Women’s Day and colourful language

Happy Women’s day 

to women, vulnerable

and tough ones, worldwide


Life is still a challenge for many women out there in various countries and in various ways – whether it be crazy laws barring them from very basic rights (education for example), having female genital mutilation forced on them as children (but not just as children), being forced as children to marry older (sometimes much older) men, discrimination based on their gender preference, domestic abuse, discrimination in the workplace (glass ceilings, even getting into work in the first place or back into work) or sexual harassment – セクハラ – in both the workplace and the street when they’re just going around minding their own business.

Regarding the last example above, I’ve had verbal comments of a certain nature thrown at me by total strangers (but not just strangers sadly).   This is tough but do you respond to strangers or not? Responding is only giving them the attention they want, not responding encourages them to go on and on and but in any case you’re not responsible for what they think of you (at first I struggled with that phrase ‘it’s none of your business what others think of you’ but it does make sense).

You’d love to ask them what their mother/sister/aunt/daughter would think of what they just said and what they would say if their own mother/sister/aunt/daughter had such a comment made to them.  They’d probably come up with some half-witted response because they’re half-wits.  No actually.  Total dimwits.  They’d then go on and say it to some other woman no doubt.   Or shocker they might not say it to anyone ever again but you wouldn’t know that at the time and you may feel that you gave them a little bit too much attention even while trying to make a valid point to them.  Keep walking or walk away if you’re able to.  Being verbally abused like this is the verbal version of what I imagine chikans are about.  They are trying to defile you in some way.  Thank god most countries have not had to introduce separate train carriages for women, as in Japan to give one example (I think either India or Mexico or both were planning to bring them in too) and I hope it never becomes necessary either.   It would be sad if it became second nature for city councils worldwide to build these carriages.   Dare I say it also drags good men (of which there are plenty) down with the bad?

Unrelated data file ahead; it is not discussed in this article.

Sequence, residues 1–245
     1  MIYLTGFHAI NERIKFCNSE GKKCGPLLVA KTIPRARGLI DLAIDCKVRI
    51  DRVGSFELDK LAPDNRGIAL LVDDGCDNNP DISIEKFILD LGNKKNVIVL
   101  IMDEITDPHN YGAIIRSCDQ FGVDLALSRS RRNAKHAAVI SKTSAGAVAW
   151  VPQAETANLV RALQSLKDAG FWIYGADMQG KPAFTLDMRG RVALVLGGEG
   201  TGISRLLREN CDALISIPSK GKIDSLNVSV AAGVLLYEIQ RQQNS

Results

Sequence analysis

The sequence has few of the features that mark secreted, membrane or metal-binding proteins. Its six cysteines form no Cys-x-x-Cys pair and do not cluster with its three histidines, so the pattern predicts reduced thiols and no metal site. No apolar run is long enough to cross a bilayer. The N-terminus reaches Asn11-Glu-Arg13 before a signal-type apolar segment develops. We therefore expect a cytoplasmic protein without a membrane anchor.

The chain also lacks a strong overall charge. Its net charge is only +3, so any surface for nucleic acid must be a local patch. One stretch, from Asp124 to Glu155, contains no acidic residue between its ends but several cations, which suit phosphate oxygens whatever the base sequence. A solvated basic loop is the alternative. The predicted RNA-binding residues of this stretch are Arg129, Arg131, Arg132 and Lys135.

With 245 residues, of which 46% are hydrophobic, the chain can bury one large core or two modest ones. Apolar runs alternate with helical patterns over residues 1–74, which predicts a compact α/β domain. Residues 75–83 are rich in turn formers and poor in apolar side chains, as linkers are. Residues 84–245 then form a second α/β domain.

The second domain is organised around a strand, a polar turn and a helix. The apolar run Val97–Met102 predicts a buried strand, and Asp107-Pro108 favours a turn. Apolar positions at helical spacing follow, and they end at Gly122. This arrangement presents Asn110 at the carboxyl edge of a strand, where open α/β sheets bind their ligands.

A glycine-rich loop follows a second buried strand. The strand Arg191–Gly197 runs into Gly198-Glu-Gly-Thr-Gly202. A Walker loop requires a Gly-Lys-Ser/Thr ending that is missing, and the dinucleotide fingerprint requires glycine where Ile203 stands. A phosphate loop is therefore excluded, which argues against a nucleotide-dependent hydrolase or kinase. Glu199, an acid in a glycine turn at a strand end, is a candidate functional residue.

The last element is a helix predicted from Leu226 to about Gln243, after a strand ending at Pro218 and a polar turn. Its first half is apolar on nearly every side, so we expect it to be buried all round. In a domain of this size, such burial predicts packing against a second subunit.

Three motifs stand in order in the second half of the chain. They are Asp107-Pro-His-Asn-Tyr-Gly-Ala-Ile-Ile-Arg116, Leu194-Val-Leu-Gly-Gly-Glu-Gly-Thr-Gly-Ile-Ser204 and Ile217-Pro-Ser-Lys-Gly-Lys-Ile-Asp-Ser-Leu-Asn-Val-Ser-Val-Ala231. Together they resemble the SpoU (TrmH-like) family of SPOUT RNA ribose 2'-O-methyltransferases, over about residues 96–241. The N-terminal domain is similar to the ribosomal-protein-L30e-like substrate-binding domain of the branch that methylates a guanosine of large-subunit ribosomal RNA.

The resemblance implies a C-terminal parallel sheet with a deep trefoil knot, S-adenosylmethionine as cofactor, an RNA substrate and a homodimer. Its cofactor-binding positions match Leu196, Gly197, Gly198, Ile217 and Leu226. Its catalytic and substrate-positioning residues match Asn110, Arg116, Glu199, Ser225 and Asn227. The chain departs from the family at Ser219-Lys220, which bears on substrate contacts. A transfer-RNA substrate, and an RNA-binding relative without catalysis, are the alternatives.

However, if you’re in Japan (or anywhere else but this is a Japan blog obviously) and you are groped either in a train carriage or anywhere else, a couple of sentences in Japanese, which might help if you have the strength in you at that paralysing moment to speak at all are: ‘私から手をはなせ!’ is ‘Let go of me’ (lit: get your hands away from me or off me – it can be shortened to ‘はなせ!’) or another I’ve heard which I’m unsure of but would use if I had to is you could grab the person’s hand (I know, you wouldn’t even want to touch the person but bear with me), hold it up high and say 誰の手ですか?’whose hand is this?’  I don’t really know any effective swear words in Japanese sorry.

I was in an East European city a while ago (first time – great city!) and as I had no idea of the language and like to learn a bit of the lingo in advance I made a point of learning ‘let go of me!’ at least.  I had no hassle there in the end – verbal or physical and I have to say I didn’t expect to even though I perceive the men from the country in question to be quite macho – and I would have used a lot stronger language than that to be honest (and in English so there was no mistaking my dislike of any unwelcome attention!), but I didn’t have to use any in the end.   They wouldn’t deserve my effort to try to remember it on the spot in their own language anyway and well most people know what F*** **f means anyway!   Pardon the language but it is our choice what language we use and some people (women and men alike) don’t like to hear women using such strong language which is sexism as well*.  Saying you’re not interested or trying to think of other diplomatic rejections is polite but not enough unfortunately for some men. Bad language also creates adrenaline, I read recently, which is of course handy in threatening situations.

* That said there is one word that makes me baulk and it is the c word that ends in t.   I’ve had it used against me (by a family member) and thought about uttering it to others (and I’ve actually used it against inanimate objects).  But I hate it and try not to use it. I’ve revised this paragraph but it’s the same thing as before only shorter.

Anyway girls (and some boys) remember it’s not about you it’s very much their issue (that includes girls slagging off other girls by the way) just in case you don’t hear/read it enough.


Any thoughts? In haiku form or not?

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